Balancing Privacy and Free Speech: Unwanted Attention in the Age of Social Media

London: Routledge (2015)

Authors
Mark Tunick
Florida Atlantic University
Abstract
In an age of smartphones, Facebook and You Tube, privacy may seem to be a norm of the past. This book addresses ethical and legal questions that arise when media technologies are used to give individuals unwanted attention. Drawing from a broad range of cases within the US, UK, Australia, Europe, and elsewhere, I ask whether privacy interests can ever be weightier than society’s interest in free speech and access to information. Taking a comparative and interdisciplinary approach, and drawing on the work of political theorist Jeremy Waldron concerning toleration, the book argues that we can still have a legitimate interest in controlling the extent to which information about us is disseminated. The book begins by exploring why privacy and free speech are valuable, before developing a framework for weighing these conflicting values. By taking up key cases in the US and Europe, and the debate about a ‘right to be forgotten’, I discuss the potential costs of limiting free speech, and point to legal remedies and other ways to develop new social attitudes to privacy in an age of instant information sharing.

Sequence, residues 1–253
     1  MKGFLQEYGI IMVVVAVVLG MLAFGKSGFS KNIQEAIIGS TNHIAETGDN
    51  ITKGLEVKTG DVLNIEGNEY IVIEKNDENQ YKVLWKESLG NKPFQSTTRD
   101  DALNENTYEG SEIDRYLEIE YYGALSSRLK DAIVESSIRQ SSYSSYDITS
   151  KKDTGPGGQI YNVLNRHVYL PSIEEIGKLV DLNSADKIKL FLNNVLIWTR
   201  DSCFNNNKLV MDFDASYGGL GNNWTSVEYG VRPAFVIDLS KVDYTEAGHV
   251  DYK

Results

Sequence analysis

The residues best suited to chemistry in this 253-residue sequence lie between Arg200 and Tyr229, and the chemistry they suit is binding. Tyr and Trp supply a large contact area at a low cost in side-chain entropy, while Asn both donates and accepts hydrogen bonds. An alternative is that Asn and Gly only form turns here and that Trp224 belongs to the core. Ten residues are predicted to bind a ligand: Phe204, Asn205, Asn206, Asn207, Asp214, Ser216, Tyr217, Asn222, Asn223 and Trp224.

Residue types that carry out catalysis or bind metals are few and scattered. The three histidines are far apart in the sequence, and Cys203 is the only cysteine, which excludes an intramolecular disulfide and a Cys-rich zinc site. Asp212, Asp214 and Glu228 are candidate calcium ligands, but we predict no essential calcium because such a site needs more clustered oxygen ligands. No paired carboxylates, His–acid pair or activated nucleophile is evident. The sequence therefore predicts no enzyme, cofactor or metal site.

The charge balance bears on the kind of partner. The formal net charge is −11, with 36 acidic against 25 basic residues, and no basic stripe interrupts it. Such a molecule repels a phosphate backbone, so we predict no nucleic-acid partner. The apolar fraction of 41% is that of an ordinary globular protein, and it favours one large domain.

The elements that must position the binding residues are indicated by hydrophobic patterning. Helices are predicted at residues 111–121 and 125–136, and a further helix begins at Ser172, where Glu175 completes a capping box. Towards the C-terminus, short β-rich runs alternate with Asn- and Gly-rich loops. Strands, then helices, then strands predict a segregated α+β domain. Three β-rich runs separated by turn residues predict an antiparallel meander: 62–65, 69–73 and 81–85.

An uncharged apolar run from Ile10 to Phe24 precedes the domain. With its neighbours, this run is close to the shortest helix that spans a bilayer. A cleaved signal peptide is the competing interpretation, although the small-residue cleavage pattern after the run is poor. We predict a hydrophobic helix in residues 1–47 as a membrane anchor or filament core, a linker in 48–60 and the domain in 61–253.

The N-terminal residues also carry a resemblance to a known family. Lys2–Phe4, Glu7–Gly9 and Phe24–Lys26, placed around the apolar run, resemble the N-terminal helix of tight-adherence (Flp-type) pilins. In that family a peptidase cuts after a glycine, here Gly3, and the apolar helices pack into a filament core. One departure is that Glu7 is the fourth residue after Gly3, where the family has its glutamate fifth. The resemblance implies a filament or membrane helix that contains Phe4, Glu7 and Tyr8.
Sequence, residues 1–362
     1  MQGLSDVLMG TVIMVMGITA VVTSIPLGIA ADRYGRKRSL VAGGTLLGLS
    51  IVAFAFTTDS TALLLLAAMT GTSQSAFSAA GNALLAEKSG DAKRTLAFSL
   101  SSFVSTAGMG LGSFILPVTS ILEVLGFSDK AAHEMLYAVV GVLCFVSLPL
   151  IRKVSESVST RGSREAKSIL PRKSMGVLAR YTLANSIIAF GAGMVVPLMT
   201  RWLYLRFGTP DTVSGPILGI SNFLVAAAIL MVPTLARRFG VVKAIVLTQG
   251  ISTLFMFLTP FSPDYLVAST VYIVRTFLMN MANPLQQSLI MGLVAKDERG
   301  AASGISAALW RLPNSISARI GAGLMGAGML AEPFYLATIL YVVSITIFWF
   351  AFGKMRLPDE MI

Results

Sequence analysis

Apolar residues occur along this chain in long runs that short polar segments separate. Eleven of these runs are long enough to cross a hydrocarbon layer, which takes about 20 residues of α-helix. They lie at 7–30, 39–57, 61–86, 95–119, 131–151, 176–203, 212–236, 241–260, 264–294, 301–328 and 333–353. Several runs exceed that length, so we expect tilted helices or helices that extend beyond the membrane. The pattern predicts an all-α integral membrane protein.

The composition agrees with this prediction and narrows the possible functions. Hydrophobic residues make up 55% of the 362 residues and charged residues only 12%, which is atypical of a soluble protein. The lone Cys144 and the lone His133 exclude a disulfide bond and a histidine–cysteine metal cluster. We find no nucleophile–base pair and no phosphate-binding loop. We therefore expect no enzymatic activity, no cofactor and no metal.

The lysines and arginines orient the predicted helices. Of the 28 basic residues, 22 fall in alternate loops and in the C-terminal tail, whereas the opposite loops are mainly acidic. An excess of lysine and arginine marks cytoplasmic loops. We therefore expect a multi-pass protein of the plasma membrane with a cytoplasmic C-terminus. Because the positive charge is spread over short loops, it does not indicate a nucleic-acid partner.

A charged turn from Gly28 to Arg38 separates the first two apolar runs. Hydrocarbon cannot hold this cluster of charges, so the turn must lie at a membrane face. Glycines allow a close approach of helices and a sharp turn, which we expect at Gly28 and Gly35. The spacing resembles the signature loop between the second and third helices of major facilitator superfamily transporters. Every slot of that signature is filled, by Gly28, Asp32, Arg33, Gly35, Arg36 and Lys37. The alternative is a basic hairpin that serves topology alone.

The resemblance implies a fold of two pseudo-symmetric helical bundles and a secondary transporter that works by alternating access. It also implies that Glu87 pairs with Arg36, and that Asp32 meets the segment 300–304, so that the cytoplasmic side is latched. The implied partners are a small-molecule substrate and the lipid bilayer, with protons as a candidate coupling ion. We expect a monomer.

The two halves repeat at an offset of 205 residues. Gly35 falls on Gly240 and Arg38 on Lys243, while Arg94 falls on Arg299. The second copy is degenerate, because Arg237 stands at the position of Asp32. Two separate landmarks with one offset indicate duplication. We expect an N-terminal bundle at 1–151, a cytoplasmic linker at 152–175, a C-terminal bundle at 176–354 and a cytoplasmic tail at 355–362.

Keywords Privacy  Freedom of Speech  Toleration
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Brain Privacy and the Case of Cannibal Cop.Mark Tunick - 2017 - Res Publica 23 (2):179-196.

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